Measure for Measure

Measure feature photo.jpg

Duke Vincentio of Vienna doesn’t have time to sit and chat. He’s got a dukedom to observe in disguise. “Our haste from hence is of so quick condition,” he says at the start of Shakespeare’s Measure for Measure, “that it prefers itself and leaves unquestioned matters of needful value.” Elevator Repair Service’s gaga production of the play at the Public Theater is in as big a hurry as the Duke, but achieves the opposite effect: it tears through the niceties of Shakespeare’s plot only to screech to nearly a full stop in the scenes of highest tension, ensuring that none of the most meaningful fragments of “needful value” passes unquestioned, if not unfelt.

Maggie Hoffman (left) and Scott Shepherd in Elevator Repair Service’s Measure for Measure. Top: Pete Simpson (left) and Rinne Groff.

Maggie Hoffman (left) and Scott Shepherd in Elevator Repair Service’s Measure for Measure. Top: Pete Simpson (left) and Rinne Groff.

Until Taylor Mac’s 2016 24-Decade History of Popular Music, Elevator Repair Service’s Gatz was the most impressive feat of durational performance to hit New York. Over the course of eight hours, star Scott Shepherd recited the entire text of The Great Gatsby from memory while the company brought the novel’s scenes to life around him.

Measure for Measure runs a comparatively svelte two hours and ten minutes, but is no less imaginative. The play, one of Shakespeare’s richest, is notoriously difficult to classify. It plays like a tragedy but ends like a comedy, alternating and sometimes blending cruelty and slapstick humor.

Vincentio (Shepherd) has left Vienna in the charge of his hypocritical deputy Angelo (Pete Simpson), whose first act is to sanction the death penalty for adulterers. When Isabella (Rinne Groff) comes to Angelo to plead for the life of her brother, Claudio (Greig Sargeant), wrongly accused under the law, Angelo offers her a Harvey Weinstein deal: he will pardon Claudio if Isabella has sex with him.

Director John Collins has incorporated his professed inexperience with Shakespeare directly into the performance. The cast reads the text on the stage walls and at the rear of the auditorium as a means of controlling the production’s pace. Such circumscription can have a deadening effect on a show, but here the restrictions literalize Shakespeare’s exploration of free will and introduce the unknown into the actors’ interpretations by giving them constant obstacles to surmount.

From left: Mike Iveson, Susie Sokol, and Lindsay Hockaday play the comic characters.

From left: Mike Iveson, Susie Sokol, and Lindsay Hockaday play the comic characters.

The performances, as a result, are entirely unpredictable from moment to moment. Groff's Isabella burns in righteous, slow-motion anger toward Angelo and, later, Claudio, when he suggests she accept Angelo's offer. Simpson is an acrobatic, neurotic wonder as Angelo. He spins his necklace, slaps the table, and thrashes in contorted tics and twitches as his bent for justice contends with his carnal weakness. Rendering Angelo sympathetic could have undone the whole piece, but Simpson’s gestures are so off the wall that sympathy becomes unimaginable.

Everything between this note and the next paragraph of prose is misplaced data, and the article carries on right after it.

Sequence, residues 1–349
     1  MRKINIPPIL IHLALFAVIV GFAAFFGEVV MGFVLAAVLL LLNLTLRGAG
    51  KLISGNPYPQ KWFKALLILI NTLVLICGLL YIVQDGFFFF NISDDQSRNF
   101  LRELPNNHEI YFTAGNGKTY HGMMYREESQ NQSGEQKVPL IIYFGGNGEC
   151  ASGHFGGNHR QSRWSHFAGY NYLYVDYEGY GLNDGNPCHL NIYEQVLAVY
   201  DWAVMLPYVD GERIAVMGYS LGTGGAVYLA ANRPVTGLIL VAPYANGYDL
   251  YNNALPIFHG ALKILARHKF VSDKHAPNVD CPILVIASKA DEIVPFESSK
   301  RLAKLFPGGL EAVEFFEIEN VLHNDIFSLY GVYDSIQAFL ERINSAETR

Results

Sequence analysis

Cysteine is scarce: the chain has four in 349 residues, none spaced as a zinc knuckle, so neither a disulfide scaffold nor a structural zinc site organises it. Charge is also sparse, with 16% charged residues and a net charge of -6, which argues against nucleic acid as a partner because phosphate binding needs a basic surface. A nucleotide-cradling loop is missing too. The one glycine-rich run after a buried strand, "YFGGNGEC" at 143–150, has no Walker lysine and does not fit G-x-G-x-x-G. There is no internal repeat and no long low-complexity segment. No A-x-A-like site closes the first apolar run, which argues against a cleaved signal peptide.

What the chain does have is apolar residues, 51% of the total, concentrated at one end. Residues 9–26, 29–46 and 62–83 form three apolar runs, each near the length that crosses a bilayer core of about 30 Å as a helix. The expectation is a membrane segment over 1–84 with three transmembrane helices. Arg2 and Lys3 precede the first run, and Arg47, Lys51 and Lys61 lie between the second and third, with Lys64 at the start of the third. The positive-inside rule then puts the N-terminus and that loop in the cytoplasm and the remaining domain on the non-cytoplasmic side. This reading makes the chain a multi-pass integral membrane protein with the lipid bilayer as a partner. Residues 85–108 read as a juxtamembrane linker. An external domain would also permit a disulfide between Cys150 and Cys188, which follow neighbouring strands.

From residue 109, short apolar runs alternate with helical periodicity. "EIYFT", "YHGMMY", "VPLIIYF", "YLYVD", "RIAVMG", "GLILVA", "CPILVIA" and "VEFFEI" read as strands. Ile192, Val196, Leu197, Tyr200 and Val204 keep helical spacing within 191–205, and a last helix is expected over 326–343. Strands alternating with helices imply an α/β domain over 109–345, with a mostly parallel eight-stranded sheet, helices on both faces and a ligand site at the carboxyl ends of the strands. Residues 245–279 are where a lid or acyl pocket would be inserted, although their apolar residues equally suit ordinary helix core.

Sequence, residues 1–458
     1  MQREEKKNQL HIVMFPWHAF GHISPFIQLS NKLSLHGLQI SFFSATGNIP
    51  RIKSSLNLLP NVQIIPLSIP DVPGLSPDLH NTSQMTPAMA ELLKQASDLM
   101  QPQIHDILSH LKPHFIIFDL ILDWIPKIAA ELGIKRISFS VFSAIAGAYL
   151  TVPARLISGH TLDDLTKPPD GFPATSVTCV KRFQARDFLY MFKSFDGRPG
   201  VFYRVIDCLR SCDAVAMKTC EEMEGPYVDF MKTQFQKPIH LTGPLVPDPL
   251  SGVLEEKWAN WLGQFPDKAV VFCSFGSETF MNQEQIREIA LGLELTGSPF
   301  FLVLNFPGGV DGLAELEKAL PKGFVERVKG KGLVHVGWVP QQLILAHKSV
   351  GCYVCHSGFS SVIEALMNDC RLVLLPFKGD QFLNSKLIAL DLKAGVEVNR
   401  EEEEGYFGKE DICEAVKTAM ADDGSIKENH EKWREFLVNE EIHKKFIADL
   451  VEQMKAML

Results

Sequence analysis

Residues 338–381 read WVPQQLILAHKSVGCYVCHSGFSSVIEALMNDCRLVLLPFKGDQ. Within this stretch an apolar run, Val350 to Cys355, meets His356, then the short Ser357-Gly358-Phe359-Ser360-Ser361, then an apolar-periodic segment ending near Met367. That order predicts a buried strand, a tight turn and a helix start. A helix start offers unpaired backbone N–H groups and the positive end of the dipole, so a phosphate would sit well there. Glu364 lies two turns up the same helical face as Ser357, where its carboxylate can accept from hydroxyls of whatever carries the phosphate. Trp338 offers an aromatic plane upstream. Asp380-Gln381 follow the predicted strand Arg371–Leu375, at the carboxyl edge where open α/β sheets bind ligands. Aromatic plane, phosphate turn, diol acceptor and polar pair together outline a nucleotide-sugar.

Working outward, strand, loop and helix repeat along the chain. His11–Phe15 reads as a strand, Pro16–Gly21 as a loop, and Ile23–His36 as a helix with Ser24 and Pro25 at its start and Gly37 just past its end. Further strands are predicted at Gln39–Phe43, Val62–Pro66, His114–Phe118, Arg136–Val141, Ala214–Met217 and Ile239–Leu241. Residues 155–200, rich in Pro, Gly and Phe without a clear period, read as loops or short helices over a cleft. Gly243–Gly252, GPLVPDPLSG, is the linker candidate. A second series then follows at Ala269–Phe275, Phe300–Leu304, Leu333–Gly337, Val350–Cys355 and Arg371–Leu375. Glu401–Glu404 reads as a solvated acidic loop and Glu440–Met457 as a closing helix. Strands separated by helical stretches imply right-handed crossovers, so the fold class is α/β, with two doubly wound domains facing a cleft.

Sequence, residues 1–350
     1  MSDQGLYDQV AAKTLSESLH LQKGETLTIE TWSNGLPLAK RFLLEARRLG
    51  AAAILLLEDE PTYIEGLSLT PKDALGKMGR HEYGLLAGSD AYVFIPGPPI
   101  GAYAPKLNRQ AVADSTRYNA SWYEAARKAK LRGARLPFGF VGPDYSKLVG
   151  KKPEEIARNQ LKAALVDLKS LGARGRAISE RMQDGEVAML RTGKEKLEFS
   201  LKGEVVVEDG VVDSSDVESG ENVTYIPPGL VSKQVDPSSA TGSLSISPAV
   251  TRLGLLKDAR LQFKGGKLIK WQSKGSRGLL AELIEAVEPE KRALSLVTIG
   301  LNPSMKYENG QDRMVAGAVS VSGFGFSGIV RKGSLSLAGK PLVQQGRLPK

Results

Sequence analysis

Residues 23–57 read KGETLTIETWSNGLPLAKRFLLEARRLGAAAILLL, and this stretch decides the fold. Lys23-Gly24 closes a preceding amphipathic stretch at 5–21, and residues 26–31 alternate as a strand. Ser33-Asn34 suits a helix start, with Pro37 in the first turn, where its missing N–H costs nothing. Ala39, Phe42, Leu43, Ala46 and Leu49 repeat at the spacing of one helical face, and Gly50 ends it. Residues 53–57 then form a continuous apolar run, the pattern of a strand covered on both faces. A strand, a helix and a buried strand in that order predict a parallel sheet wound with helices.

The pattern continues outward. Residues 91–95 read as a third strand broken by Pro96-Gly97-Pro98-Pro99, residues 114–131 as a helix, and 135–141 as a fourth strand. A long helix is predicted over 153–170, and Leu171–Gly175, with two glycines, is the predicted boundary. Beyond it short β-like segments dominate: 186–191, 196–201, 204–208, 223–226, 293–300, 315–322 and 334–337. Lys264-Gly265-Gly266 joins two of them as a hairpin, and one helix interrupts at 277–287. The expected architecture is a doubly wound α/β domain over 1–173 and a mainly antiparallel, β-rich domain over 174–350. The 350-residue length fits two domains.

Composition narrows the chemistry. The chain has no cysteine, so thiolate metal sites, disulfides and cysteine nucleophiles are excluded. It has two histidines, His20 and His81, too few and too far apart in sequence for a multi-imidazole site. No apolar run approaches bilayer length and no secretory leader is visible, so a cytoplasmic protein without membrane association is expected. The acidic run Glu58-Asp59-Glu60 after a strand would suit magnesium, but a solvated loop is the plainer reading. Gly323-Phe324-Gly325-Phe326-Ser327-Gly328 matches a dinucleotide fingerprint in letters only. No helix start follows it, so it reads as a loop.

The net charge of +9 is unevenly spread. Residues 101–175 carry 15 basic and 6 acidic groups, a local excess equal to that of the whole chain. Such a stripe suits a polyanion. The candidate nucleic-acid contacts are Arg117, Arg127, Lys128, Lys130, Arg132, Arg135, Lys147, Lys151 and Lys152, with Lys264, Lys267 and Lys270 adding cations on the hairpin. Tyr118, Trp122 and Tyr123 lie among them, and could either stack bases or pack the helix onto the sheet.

For all its irreverence, Measure for Measure isn’t as pristine or insightful as Target Margin’s similarly deconstructive Mourning Becomes Electra last spring, but it is fun as hell, once one adjusts to the production’s deceptively perfunctory rhythms.

Many of the ERS hallmarks are on display: projected text, manic energy, broad physical humor. The piece lives or dies by its technology, which incorporates “programmable proprietary teleprompter software” designed by Shepherd (inspired by his work with the similarly tech-philiac Wooster Group), giving cast members control over light and sound cues, and immaculate projections designed by ERS regular Eva von Schweinitz, which slice, stretch, and reshape Shakespeare’s text.  

Hoffman with Greig Sargeant as Claudio. Photos by Richard Termine.

Hoffman with Greig Sargeant as Claudio. Photos by Richard Termine.

The Bard often writes himself into corners, piling mishap upon mishap and mistaken identity upon mistaken identity. His endings can feel arbitrary, and Measure for Measure may have the most arbitrary of them all, as Vincentio grants pardons and rights wrongs almost as an after-thought. The play has carefully constructed an argument about justice vs. mercy over the course of five acts, only to reveal that each is as much the product of caprice as everything else in this world. It’s either botched dramaturgy or uncompromising existential truth, but Elevator Repair Service’s production doesn’t say.

There’s not much heat in this challenging production of a problematic play, but ERS’s eccentric stagings have never been about warming hearts. They’re more interested in searching out new theatrical shapes. If this modern Shakespeare doesn’t quite coalesce, it still makes for a damn interesting bricolage.

Elevator Repair Service’s Measure for Measure runs through Nov. 12 at The Public Theater (425 Lafayette St.). Evening performances are at 7 p.m. Tuesday through Saturday; matinees are at 1 p.m. Saturday and Sunday. For tickets and information, call (212) 967-7555 or visit publictheater.org.

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